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Sleipner A GBS – lost and replaced

A shock wave ploughed literally across Stavanger and figuratively through all of Statoil on 23 August 1991 when the concrete gravity base structure (GBS) for Sleipner A sank in the Gands Fjord.
By Björn Lindberg, Norwegian Petroleum Museum
- The new Sleipner A gravity base structure (GBS) in the Gands Fjord. Photo: Anne Frafjord/Norwegian Petroleum Museum

The platform support unit had been almost wholly submerged for its final pressure tests when a loud bang was heard from within by those on board and alongside at 05.49. Two smaller bangs followed. It was quickly established that a substantial leak had occurred. The control room recorded almost 1 000 tonnes of water flowing into the drilling shaft. Although the ballast pumps were started immediately, the volume flooding in was much greater than they were designed to handle. About 18 minutes later, the Sleipner A GBS went to the bottom. That was enough time to evacuate all the 22 people who had been on board without injury. On its way down, the concrete structure collapsed completely and all the air in its storage cells was forced out – creating a tsunami effect so great that two nearby tugs lost sight of each other. The whole mass hit the seabed with great force just under 200 metres down. Seismic shock waves were registered by several seismological stations around the time of the sinking.[REMOVE]Fotnote:

A subsequent survey showed that the GBS was completely smashed and had probably imploded on the way down. Remains were spread over a wide area in water depths ranging from 170 to 220 metres.

The Sleipner A GBS photographed shortly before it sank – and after it had disappeared. Photo: Norwegian Contractors/Norwegian Petroleum Museum

Unexpected descent

Sleipner A was the first – and smaller – of two large platforms (the other was Troll A) scheduled to deliver gas under a big sales contract signed in 1986 with European buyers. The job of building the GBS was awarded to Norwegian Contractors (NC) in June 1988. Work began the following spring on what was described as “a relatively straightforward structure with several challenging production solutions”.[REMOVE]Fotnote: Steen, Øyvind, 1993, På dypt vann: Norwegian Contractors 1973-1993, Norwegian Contractors, Oslo.

Activity at and off the Hinnavågen GBS construction site in Stavanger was in full swing during the summer of 1991. Work on Troll A had begun, Draugen was under construction, and Sleipner A was nearing completion. Casting the last of these concrete structures had finished and it lay out in the Gands Fjord to be prepared for mating with the steel topsides. The latter were also ready and waiting nearby to be joined to the GBS, with subsequent assembly hook-up work.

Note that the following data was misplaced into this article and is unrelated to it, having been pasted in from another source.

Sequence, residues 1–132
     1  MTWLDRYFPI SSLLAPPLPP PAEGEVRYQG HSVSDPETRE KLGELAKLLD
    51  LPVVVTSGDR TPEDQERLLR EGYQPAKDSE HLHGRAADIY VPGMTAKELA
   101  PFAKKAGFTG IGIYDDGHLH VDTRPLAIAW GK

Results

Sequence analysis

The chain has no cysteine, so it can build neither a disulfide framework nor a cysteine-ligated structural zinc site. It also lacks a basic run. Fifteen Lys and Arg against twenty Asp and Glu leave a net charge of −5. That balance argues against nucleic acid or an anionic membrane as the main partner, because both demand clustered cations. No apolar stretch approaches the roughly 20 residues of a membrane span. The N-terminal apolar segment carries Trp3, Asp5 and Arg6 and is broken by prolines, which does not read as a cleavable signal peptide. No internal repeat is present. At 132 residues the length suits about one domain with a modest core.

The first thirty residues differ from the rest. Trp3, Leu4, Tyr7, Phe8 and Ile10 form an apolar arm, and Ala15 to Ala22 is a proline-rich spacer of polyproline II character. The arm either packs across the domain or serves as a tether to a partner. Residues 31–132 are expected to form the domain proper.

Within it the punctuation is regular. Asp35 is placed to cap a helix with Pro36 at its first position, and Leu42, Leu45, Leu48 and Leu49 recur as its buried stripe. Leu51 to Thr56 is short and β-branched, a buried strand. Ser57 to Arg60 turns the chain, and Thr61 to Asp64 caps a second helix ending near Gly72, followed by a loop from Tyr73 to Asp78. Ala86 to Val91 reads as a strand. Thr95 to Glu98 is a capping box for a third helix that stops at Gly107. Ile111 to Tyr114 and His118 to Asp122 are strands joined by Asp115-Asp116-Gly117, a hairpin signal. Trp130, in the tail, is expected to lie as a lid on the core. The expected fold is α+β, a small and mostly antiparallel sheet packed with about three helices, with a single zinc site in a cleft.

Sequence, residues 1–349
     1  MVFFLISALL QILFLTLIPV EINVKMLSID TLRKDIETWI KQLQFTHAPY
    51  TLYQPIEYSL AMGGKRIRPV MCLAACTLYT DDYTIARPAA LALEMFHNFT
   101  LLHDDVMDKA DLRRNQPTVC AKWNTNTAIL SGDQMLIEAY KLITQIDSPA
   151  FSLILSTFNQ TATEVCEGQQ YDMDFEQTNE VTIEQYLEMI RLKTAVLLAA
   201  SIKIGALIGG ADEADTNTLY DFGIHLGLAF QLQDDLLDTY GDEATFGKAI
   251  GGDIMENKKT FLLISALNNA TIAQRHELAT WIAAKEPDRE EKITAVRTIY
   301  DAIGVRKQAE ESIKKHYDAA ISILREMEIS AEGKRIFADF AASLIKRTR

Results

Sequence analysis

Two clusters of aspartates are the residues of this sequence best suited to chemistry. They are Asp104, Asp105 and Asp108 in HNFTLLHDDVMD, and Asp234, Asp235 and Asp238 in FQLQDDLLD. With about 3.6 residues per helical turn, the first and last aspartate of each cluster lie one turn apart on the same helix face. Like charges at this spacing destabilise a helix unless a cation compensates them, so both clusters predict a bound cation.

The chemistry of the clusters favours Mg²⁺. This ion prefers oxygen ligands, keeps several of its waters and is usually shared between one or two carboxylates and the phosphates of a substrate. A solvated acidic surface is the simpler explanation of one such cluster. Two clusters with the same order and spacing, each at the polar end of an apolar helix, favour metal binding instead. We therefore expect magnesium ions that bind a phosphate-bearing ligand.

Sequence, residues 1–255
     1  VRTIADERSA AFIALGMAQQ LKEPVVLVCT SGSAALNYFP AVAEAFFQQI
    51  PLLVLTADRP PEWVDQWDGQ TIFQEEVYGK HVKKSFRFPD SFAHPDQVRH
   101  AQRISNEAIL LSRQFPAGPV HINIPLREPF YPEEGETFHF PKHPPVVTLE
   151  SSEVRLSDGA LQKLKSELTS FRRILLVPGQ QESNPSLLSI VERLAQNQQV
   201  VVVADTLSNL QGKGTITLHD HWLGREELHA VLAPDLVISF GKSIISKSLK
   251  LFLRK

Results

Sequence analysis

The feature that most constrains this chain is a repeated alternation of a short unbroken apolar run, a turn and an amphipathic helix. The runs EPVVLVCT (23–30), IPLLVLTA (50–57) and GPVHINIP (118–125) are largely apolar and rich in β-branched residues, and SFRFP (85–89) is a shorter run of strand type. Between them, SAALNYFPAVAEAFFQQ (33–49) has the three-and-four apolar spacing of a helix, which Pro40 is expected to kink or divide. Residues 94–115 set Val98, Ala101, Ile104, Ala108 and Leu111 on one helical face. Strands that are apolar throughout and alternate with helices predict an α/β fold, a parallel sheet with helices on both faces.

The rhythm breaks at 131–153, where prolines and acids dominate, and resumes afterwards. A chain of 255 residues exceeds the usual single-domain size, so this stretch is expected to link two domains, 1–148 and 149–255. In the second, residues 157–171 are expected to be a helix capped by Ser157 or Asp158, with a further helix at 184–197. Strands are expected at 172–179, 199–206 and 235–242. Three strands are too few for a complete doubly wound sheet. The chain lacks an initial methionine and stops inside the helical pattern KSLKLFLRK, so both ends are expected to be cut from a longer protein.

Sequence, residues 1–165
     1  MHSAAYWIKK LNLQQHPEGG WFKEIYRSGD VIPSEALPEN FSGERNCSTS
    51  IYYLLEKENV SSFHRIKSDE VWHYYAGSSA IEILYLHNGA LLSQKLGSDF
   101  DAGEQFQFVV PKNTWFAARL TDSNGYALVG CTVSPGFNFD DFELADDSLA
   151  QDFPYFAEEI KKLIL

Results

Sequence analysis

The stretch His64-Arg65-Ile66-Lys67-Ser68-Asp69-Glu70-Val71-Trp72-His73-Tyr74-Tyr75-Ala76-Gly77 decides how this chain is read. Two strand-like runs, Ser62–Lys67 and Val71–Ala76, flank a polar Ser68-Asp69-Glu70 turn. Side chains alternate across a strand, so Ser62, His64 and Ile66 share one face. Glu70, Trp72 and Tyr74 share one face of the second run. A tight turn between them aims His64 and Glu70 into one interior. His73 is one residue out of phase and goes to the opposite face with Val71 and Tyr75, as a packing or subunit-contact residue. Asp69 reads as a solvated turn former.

Sleipner East was scheduled to start gas deliveries on 1 October 1993 – but the sinking put the whole schedule under threat. Dag Halstensen, who was NC’s operations manager on the Sleipner A GBS, recalled the fateful events in the local press:

A Norwegian Contractors worker seems to remember that a concrete structure stood here. Illustration: Jan Ulriksen

We had reached the critical trial deballasting of the GBS when it happened. We were checking that the concrete shafts and pumps functioned as they should. First came a loud bang, and then a leak which simply increased in scope. The computer monitor showed water surging into the one shaft, and it all went quickly.[REMOVE]Fotnote: Stavanger Aftenblad, 23 August 2011. It was clear that nothing could be saved from the seabed, where what remained was largely lumps of concrete along with twisted reinforcement bars and piping. The wreck had a price tag of around NOK 1.8 billion.

Complex solution

Statoil CEO Harald Norvik was preparing for breakfast with the visiting head of BP when he was called about the sinking. “Has anyone died?” was his first question, and he got the answer he hoped for. “Good, then we’ll have no problem coping with this”.[REMOVE]Fotnote: Harald Norvik, personal communication, 2022.

As early as the same morning, plans were being laid for how the agreed gas deliveries to continental Europe were to be met, reports Helge Hatlestad, then Statoil’s field development head for the Norwegian continental shelf (NCS).[REMOVE]Fotnote: Hatlestad, Helge, Femti år med oljeproduksjon : min historie (2021). The original scheme was scraped. This had required the A platform getting out to Sleipner East early in order to drill and complete platform wells and to provide time for commissioning and testing the Zeepipe gas pipeline to Zeebrugge in Belgium.

Instead, a multi-component solution was adopted:

  • identify the fault quickly and build a new GBS tailored to the completed topside, with the mated platform reaching the field no earlier than the summer of 1993